» » 2018 Jeep Wrangler JK Unlimited Rubicon: The First 365 Days

2018 Jeep Wrangler JK Unlimited Rubicon: The First 365 Days

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On the evening of 30 December 2017, I drove home with a new 2018 Jeep Wrangler JK Unlimited Rubicon in Gobi (tan). I wanted to get out an article on the afternoon of 30 December 2018 to mark the one-year anniversary of this acquisition.

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As the kids say, YOLO.

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As I documented in the first deep-dive blog post about my new vehicle, a Jeep Wrangler was a vehicle that I had been seriously pondering off and on for over a year. I had been semi-interested in Jeeps since I was a teenager, but became much more interested in owning one in recent years because of my off-pavement lifestyle outside of work.

My frequented shooting ranges are accessed via undeveloped roads and can get quite hairy depending on rain. My two-wheel drive Toyota Tacoma is fine for these on normal days, but I wanted a fun 4×4 capable vehicle and wanted a Jeep Wrangler over a pickup truck out of personal desire.

Leaving the range.

Anyway, exactly one year later, I have a shade under 12,000 miles on the Wrangler (11,974 to be exact). Quite a bit has happened to the vehicle during this time. While I am not a hardcore rock crawler or off-roader, I have taken it on a few trails.

Train tracks on the Bradshaw Trail, 33.517780, -115.677465

It has seen a bit of road time as I have taken the Jeep on a couple of trips to Las Vegas this year, including 2018 SHOT Show, and it has been my regular daily driver to work (very short commute to work – 10 miles round trip) as well as my primary shooting range vehicle.

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#rangeday #ar15

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During the first year of ownership, I was also inducted into the Jeep Wrangler cracked windshield club.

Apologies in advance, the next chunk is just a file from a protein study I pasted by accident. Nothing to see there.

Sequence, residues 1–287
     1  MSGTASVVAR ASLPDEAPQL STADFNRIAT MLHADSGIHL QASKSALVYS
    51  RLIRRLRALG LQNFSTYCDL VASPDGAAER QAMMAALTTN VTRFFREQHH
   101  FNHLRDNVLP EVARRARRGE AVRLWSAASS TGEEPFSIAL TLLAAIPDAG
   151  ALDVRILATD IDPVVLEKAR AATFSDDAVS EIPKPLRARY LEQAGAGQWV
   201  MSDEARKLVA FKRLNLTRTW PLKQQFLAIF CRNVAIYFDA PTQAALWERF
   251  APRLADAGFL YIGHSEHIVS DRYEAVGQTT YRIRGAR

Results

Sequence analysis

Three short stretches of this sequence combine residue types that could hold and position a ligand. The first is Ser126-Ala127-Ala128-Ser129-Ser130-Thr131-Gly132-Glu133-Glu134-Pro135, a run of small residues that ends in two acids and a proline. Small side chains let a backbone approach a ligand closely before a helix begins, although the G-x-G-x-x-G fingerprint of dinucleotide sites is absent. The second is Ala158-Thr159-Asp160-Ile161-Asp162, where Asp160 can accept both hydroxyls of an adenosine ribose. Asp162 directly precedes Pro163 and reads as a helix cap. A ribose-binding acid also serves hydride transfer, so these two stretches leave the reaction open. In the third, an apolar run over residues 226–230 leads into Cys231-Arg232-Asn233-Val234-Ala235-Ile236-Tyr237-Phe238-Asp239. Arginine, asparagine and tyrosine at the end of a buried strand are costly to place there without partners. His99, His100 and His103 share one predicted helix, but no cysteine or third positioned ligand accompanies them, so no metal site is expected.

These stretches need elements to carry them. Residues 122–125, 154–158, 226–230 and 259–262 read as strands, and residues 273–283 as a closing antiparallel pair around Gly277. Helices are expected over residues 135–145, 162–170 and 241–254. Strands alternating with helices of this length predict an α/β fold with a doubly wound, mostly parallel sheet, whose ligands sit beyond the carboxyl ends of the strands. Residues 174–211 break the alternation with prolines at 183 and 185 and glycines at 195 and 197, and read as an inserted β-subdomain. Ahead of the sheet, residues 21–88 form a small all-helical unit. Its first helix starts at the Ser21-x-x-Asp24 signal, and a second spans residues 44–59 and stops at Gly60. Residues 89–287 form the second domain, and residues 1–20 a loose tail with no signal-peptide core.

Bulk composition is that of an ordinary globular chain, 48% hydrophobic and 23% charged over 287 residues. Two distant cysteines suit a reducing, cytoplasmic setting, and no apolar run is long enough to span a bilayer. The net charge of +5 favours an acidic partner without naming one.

I have done a few upgrades and add-ons since the initial purchase that I have documented in a collection of different articles and videos. These include:

The above list is a hodgepodge of add-ons and accessories, but the one notable true upgrade (as in replaced a part) is the LOD Offroad Destroyer Rear Bumper with Tire Carrier. As it stands now, after the initial install of the LOD Offroad Destroyer rear bumper, I added the LOD Offroad horizontal Hi-Lift jack mount to hold a Hi-Lift 48″ X-TREME jack as well as the LOD Offroad Rotopax mount to hold a 2-gallon Rotopax.

On the 3N06A Coldwater Canyon Trail

I do not want to discuss all the add-ons and upgrades of the past year in detail since I already wrote several articles documenting them, so feel free to read about all of these add-ons in those posts:

For most Jeep Wrangler owners, the one glaring omission on my upgrade list is the lift kit, or suspension upgrade, with bigger tires. Don’t get me wrong. I plan on upgrading the suspension, but after buying the Wrangler outright, I was not in the mood of spending several more thousands of dollars to remove perfectly good Rubicon springs, shocks, and the 32″ BF Goodrich tires. The resale on these parts is not very good due to the fact that a good majority of Jeep Wrangler owners are also removing these same parts for lift kits and new wheels and tires.

Another case in point is the stock OEM rear bumper which has been sitting in my garage ever since I installed the LOD Offroad Destroyer rear bumper and tire carrier system. I posted it on Craiglist and tried to sell it for $80 a got zero interest. Basically, the commonly upgraded OEM parts have very little resale value, so upgrading bumpers and suspension becomes a loss in terms of the initial money spent on the (new) Jeep.

I figure I will wait until I wear in the stock tires by about 50%, at which time I will need to actually plan on the tire replacement. When I do a tire replacement, I will go larger which then requires/justifies the lift kit.

I really love the 2018 Jeep Wrangler JK Unlimited Rubicon. I put a lot of miles on it in its first year (just under 12,000) simply because I like driving it, so much in fact that I have neglected my Honda Prelude (barely 2,500 miles driving in over 14 months) and my Tacoma (unknown miles in past year).

There honestly is not much that I actually hate about the Jeep Wrangler JK Unlimited Rubicon. But I want to mention a few caveats about owning the 2018 Jeep Wrangler JK Unlimited Rubicon for anyone considering a Jeep Wrangler (particularly a JK).